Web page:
The painful, costly investments that we must make now for digital health IT and for radical advances in diagnostics brought about the sequencing of the human genome will ultimately bring down the cost of healthcare and radically improve our opportunity to address a whole array of difficult health issues. We just have to have the foresight to see beyond the present and think long term.

Thursday, November 10, 2011

Cybercitizen 2011, American Consumers Managing their Healthcare Online

A study released last month  from Manhattan Research, “Cybercitizen Health ® U.S. 2001,”  which explores digital health trends among U.S. consumers, reaffirms that American consumers are managing their personal health using a variety of online health resources. The study is based on a randomized poll, conducted on the telephone and online, of 8,745 adults age 18 and over. Findings reveal that millions of consumers of all ages are now using the Internet to research health and medical information, many as their first option for health information, even before talking with their physicians. 

 Important to note in the findings is the marked increase in the number of individuals using wireless devices to access health information. This year Cybercitizen health ® U.S. 2011 revealed that 26 percent of U.S. adults use their mobile phones for health information and health aids. This compares with 12% in 2010 and 9% in 2009, and indicates that wireless devices are a major tool for finding and using health resources. As more mobile health solutions are developed to help people, not only access information, but manage and monitor health issues, these numbers will markedly increase.  For example, the study revealed that 8% of consumers used prescription drug refill or reminder services on their mobile phones in 2011, up from 3% in 2010.

Cybercitizen Health® U.S. 2011 also found that 56 million consumers accessed their medical information on an electronic health record maintained by their physician and 41 million expressed interest in doing so in the future. There are still a large number of people who are ambivalent toward electronic health records - 140 million consumers, according to this study, have not used and are not interested in accessing medical information on an electronic record.  However,  the growing numbers of people who are now interested in this access to their electronic record, along with an increased interest and usage among physicians, indicates a sea change in care delivery and patient engagement. Reinforcing the cyber health movement is the fact that increasing numbers of caregivers are using online health information and tools as well.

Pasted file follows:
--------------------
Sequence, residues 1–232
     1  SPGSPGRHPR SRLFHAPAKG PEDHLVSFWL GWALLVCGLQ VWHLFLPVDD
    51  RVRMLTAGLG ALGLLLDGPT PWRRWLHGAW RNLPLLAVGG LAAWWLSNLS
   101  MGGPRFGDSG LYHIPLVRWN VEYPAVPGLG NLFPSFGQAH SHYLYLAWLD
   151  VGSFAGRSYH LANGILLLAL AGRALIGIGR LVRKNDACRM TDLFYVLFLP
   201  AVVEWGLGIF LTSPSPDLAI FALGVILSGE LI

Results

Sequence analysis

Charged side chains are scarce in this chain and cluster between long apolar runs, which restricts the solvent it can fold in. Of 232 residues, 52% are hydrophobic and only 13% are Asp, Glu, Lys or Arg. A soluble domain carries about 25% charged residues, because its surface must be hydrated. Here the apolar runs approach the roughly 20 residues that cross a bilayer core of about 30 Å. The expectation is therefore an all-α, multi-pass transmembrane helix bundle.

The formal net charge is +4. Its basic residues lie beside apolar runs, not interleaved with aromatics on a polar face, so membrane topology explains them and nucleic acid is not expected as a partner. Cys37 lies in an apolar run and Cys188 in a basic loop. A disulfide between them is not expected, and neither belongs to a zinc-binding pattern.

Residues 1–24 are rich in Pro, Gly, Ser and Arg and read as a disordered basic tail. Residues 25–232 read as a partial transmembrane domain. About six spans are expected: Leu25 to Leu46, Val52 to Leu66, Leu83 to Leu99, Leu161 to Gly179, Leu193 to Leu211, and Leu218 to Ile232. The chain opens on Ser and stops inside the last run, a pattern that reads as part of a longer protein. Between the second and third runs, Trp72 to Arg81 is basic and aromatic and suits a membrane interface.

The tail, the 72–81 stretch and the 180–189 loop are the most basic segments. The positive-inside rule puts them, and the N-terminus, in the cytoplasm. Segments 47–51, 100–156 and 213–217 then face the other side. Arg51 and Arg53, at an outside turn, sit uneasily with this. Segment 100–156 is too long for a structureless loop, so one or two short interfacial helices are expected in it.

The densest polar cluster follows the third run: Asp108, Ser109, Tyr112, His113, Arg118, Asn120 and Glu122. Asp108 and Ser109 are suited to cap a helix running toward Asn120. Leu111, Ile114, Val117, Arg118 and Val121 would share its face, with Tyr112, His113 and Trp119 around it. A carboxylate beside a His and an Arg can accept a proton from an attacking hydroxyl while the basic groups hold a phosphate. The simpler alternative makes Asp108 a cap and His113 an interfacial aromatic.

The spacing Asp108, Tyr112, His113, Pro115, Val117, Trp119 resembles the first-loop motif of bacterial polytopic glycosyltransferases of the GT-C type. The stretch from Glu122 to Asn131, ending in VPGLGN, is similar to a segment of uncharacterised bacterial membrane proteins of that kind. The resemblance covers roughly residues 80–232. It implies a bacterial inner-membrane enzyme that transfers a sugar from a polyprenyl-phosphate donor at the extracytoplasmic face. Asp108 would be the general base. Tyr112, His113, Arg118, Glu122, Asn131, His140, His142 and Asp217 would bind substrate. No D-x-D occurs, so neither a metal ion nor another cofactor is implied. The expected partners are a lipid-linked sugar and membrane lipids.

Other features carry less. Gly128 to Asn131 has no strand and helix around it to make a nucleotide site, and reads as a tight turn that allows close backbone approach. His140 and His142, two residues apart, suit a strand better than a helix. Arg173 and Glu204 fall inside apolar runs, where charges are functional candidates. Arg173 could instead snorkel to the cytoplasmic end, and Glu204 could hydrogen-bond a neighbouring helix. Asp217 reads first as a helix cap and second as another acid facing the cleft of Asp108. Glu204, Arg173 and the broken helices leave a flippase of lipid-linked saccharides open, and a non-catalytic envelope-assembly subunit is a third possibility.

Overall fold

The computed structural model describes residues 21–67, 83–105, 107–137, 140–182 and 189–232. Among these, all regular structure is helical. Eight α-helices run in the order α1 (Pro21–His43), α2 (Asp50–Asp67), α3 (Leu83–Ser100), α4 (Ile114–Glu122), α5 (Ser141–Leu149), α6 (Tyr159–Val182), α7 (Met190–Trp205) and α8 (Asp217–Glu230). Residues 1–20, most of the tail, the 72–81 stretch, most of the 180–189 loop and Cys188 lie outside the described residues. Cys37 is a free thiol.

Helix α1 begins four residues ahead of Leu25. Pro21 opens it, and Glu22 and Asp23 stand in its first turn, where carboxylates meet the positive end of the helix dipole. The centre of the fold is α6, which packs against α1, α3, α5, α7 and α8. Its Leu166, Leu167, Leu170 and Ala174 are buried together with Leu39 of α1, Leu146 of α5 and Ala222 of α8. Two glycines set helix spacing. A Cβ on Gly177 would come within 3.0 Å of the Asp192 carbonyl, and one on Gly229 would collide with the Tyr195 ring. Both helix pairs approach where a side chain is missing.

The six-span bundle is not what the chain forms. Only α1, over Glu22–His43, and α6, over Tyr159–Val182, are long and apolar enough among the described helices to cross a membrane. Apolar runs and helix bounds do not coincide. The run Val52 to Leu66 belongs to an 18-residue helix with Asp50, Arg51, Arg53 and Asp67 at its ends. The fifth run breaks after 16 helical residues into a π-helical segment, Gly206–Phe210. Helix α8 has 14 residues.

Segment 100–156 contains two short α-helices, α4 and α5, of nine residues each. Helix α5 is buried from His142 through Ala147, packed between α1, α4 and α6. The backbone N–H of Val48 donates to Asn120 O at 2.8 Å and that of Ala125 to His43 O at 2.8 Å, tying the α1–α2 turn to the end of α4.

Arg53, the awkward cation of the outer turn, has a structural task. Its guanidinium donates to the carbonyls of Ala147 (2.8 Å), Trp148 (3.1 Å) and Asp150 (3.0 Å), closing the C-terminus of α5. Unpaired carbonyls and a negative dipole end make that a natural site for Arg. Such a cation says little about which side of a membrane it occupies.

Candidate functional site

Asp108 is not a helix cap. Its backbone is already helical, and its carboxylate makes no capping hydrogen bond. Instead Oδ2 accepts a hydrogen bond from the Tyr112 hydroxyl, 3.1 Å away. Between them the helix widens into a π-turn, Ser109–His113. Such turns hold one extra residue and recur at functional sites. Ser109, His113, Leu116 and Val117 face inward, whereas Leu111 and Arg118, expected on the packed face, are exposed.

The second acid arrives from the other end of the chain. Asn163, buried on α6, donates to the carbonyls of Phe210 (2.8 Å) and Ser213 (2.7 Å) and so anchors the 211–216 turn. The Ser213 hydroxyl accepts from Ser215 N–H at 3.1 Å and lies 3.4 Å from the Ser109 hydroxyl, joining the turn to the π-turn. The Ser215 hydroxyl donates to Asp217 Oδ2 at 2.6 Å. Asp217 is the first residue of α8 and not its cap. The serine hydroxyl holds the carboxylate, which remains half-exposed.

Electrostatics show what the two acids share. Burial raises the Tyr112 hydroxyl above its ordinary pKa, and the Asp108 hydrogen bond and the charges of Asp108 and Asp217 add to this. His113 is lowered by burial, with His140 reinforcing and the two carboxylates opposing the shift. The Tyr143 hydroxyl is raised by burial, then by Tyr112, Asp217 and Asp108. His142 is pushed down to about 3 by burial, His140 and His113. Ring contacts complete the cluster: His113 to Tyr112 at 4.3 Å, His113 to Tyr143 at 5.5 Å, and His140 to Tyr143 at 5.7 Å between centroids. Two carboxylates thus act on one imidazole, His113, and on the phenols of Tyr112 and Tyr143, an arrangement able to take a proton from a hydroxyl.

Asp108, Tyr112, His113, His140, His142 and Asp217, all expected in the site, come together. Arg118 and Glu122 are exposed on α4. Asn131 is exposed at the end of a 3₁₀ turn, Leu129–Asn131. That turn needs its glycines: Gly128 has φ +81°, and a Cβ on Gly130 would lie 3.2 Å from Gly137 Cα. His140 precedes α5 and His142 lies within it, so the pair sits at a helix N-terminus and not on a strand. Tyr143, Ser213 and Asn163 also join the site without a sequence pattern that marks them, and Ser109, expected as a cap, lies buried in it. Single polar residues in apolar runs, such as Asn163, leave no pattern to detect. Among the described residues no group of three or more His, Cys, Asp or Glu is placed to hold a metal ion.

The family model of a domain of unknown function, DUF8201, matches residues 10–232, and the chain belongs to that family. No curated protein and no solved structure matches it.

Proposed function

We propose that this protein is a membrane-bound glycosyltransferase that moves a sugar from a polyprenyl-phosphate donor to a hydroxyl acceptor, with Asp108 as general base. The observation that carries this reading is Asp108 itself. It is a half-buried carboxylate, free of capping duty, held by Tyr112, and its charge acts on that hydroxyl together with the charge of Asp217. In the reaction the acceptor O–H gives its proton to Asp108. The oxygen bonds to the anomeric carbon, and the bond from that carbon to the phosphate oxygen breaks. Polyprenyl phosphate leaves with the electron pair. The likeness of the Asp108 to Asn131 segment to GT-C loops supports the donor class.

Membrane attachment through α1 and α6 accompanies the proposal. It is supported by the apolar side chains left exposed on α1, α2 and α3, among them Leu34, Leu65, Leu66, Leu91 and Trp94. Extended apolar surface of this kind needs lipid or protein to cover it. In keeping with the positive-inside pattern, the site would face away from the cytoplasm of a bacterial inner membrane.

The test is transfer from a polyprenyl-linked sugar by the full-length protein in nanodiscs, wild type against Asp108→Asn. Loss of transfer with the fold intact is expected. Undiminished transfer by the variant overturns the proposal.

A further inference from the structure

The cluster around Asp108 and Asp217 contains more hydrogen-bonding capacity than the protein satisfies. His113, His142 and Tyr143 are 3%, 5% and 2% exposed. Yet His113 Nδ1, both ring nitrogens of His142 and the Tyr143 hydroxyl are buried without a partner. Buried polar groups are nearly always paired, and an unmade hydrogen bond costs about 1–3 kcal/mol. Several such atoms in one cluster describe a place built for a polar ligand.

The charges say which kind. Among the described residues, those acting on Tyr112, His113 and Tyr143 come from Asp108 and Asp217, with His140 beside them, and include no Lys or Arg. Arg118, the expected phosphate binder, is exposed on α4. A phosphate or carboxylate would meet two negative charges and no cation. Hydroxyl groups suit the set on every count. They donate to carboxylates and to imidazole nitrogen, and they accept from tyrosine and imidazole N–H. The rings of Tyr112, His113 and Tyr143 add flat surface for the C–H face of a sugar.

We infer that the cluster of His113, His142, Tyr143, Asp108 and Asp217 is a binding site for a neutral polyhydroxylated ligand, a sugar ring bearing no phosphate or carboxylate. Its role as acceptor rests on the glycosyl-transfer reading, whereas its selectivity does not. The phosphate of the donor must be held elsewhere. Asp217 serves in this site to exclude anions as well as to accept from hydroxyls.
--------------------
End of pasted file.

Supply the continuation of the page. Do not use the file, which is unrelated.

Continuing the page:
This significant and comprehensive annual study by Manhattan Research demonstrates the importance of online technology and wireless devices in helping American healthcare consumers become empowered and engaged in their health care and more personally involved in the day to day tasks that will keep them healthy.

Thursday, November 3, 2011

Smartphone Health Care Apps, An e-Patient's Most Valued Tool

The Pew Internet & American Life Project conducted a national telephone survey of 2,277 adults in May 2011 and found that 83% own some kind of cell phone. One-third of these cell phone users (35%) own a smartphone (iPhone, Android, Blackberry, Palm). These smartphone users utilize their mobile devices in new ways, incorporating them into their lives, accessing the Internet, sending photos and videos to others, going to twitter and engaging in video calls and chats.

Many of these smartphone owners have also downloaded one or more of the 17,000 health care apps currently available. Twenty-five percent of these apps are free. Research2Guidance, a consulting firm predicts that as many as 500 million people will be using healthcare mobile apps by 2015. Assuming that this prediction is correct, it means that people resonate to owning smartphones and empowering themselves as healthcare consumers with these interactive apps. Among the individuals polled for this research, 33% indicated that they want to manage their health records online and 32 percent said they want to have telehealth visits with their doctors.
Another study, by the consumer electronics Association, polled patients on their willingness to communicate with their providers using a smartphone or smartpad. In The New Role of Technology in Consumer Health and Wellness study, 36% of consumers say they want to be able to send information to their doctor wirelessly; 33% want to manage their health records online; and 32% want to have telehealth visits with their doctors for remotely based procedures and surgeries such as angiograms, head scans, CT scans, and skin cancer examinations.

Right now, consumers indicate that their favorite smartphone applications include:  body weight scales, vital sign meters and gauges, devices that record and track fitness programs and nutrition. Some of the newest popular apps are mobile for the iPhone, iPad and iPod Touch which patients can use to manage their cancer treatments. (This app covers 120 cancer types);  Asthma which is used to record asthma attacks, track medications and note triggers;  pocket first aid which provides education and instructions on CPR, chocking, burns, diabetic emergencies. It can also track family medical information, and emergency contacts. There are apps for testing visibility; apps that provide clinical data and check medication interactions, and apps that provide explanations of medical terms. 

More than any other single device or tool, the smartphone with its audio, video, built in cameras and access to the Internet right at your fingertips, has the capability to help patients take charge of health issues, engage more effectively with providers, and become  educated, empowered, and interactive in healthcare. So Power Up. Doing so could save your life.